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How a trade war could turn into a recession

Larry Summers: Tariffs will hurt working people

The risk of a global trade war is rising. That could sink the US economy into a recession, bringing an end to the second-longest expansion in American history.

Although the economy is strong right now, businesses and investors are growing more worried about President Trump's trade crackdown. Tensions are escalating, raising the chances that the trade spat will morph into an outright trade war.

"The probability of a full blown trade war is low but the risks are rising," Bank of America Merrill Lynch US economist Michelle Meyer wrote to clients on Friday.

Meyer warned that a "major global trade confrontation would likely push the US and the rest of the world to the brink of a recession."

Here's how the dominoes could fall: First, businesses would be hit with higher costs triggered by tariffs. Then, companies won't be able to figure out how to get the materials they need. Eventually, confidence among executives and households would drop. Businesses would respond by drastically scaling back spending.

Trump has already imposed tariffs on Canada, Mexico and the European Union, and those allies swiftly retaliated. The first round of tariffs on China are set to go into effect on July 6, and Trump has threatened more. The administration is also weighing auto import tariffs and restrictions on Chinese investment in US technology.

Fears of a trade war are rattling Wall Street. The Dow fell more than 300 points on Monday, sinking for the ninth day of the last 10.

Related: Trade war fears spread to tech

Of course, there is a huge difference between a trade spat and an outright trade war.

The steps the administration has taken so far directly touch only a small fraction of the US economy. Bank of America estimates that just over $100 billion worth of goods have been targeted, or about 4.2% of total goods imports.

"We are still many steps away from a full blown trade war," Meyer wrote.

However, she said, "trade tensions are likely to get worse before it gets better."

The problem is that uncertainty over trade policy could freeze investment decisions by major companies and cost others dearly.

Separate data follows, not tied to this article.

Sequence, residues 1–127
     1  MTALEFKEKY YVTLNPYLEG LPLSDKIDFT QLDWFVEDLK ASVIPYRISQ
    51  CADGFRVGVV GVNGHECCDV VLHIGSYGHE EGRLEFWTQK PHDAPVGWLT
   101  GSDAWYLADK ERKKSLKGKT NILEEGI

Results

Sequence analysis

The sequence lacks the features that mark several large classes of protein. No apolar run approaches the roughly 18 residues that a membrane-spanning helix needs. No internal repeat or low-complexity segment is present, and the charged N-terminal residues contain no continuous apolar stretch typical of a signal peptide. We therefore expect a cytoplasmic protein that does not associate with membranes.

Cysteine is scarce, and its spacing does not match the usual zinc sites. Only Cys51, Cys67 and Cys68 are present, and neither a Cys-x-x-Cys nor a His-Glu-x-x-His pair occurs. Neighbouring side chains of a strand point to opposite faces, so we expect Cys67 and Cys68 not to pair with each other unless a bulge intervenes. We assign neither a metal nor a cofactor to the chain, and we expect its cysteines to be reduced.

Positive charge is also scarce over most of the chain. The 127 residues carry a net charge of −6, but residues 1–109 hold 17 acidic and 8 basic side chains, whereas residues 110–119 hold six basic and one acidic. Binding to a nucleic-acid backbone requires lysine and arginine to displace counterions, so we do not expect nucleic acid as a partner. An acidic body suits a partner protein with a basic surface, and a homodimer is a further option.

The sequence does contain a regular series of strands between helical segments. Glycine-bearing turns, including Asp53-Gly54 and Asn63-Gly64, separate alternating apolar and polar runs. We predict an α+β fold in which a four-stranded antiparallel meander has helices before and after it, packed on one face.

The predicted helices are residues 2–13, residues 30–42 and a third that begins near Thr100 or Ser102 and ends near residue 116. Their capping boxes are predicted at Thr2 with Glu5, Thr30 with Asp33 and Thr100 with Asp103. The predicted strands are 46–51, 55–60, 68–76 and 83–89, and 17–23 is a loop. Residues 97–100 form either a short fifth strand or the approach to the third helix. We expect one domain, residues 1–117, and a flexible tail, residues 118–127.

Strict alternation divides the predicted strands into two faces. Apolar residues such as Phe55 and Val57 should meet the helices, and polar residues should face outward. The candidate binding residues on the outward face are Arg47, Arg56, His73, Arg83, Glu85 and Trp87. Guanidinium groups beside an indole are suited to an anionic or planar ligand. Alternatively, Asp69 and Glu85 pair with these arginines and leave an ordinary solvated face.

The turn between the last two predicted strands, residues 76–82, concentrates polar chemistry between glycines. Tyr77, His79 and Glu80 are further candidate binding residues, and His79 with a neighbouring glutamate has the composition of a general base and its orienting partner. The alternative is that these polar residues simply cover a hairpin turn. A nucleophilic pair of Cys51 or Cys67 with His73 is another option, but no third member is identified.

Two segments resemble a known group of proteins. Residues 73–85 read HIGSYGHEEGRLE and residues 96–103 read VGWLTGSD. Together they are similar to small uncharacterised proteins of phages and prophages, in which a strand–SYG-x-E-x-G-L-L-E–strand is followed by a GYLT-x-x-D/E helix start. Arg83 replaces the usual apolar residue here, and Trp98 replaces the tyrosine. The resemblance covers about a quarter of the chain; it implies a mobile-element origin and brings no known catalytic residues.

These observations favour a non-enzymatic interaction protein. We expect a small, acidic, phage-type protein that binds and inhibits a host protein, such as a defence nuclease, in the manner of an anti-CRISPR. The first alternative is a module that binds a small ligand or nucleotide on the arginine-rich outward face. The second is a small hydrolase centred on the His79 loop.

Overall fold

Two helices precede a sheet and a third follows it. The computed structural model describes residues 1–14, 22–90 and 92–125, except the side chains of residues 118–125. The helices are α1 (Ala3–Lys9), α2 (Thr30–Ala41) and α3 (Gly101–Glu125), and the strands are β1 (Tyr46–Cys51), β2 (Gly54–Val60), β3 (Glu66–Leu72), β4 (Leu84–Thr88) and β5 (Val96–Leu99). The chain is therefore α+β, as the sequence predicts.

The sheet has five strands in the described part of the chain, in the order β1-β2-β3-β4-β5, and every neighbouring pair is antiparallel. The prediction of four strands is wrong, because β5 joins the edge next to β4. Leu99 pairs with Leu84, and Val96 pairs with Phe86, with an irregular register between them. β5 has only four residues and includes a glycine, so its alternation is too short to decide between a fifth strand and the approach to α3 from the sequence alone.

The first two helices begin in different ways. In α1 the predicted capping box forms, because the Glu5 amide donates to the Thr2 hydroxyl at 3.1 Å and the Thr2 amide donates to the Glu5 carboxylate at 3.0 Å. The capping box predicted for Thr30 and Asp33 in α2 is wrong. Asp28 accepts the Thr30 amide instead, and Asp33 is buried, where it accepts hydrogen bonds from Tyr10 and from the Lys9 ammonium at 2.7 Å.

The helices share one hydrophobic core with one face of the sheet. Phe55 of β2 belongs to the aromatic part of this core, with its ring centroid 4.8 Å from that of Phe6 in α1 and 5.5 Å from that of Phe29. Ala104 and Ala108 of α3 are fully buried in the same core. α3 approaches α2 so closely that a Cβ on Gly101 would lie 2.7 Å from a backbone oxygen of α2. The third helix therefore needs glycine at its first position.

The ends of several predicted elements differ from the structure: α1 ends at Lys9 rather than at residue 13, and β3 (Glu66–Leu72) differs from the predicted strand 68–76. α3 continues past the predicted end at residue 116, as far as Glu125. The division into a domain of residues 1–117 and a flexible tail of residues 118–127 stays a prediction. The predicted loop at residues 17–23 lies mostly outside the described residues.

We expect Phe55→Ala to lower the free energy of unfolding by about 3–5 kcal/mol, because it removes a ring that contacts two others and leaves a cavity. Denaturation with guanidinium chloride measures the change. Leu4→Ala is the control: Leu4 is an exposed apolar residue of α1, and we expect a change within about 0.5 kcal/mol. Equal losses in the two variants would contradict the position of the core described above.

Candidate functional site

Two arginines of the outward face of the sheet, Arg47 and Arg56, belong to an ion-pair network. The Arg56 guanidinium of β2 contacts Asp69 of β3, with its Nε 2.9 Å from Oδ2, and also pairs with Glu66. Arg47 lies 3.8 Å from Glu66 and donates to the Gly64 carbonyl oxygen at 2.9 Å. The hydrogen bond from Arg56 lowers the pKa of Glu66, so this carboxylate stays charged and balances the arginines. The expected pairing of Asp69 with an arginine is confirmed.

Confidence is already waning among business executives in Germany, which relies heavily on exports. The IFO business climate index dipped in June, led by a sharp decline among companies involved in global trade.

In the United States, Harley-Davidson (HOG) warned on Monday that retaliation from the European Union could cost the company as much as $100 million a year. The company is shifting some motorcycle production out of the United States.

Atlanta Fed President Raphael Bostic said last week that companies are setting the bar for investing in new projects "quite high." He said that "optimism" about the corporate tax cut "has almost completely faded among my contacts."

Meyer said that a wave of tariffs would hurt consumer sentiment and hurt business supply chains by causing "bottlenecks" and disruptions.

"A decline in confidence and supply chain disruptions could amplify the trade shock, leading to an outright recession," she wrote.

Trump's tariffs backfire on Harley-Davidson

Related: Chinese tech investment is next target in Trump's crackdown

US economic growth has accelerated recently, and the outlook had been bright thanks in large part to corporate tax cuts and a surge in government spending.

Greg Valliere, chief global strategist at Horizon Investments, wrote in a note to clients that talk of a recession "seems far-fetched."

Others agree — for now, at least.

"The risk of recession is still very low" because of the "powerful stimulus" from tax cuts and government spending, said David Kelly, chief global strategist at JPMorgan Funds.

But he conceded that the uncertainty caused by tariffs is likely to slow down the economy and offset the benefits of the tax cuts.

Meyer said that "further escalation," including auto tariffs, would cause Bank of America to "reassess" the outlook for the US economy.

CNNMoney (New York) First published June 26, 2018: 11:06 AM ET

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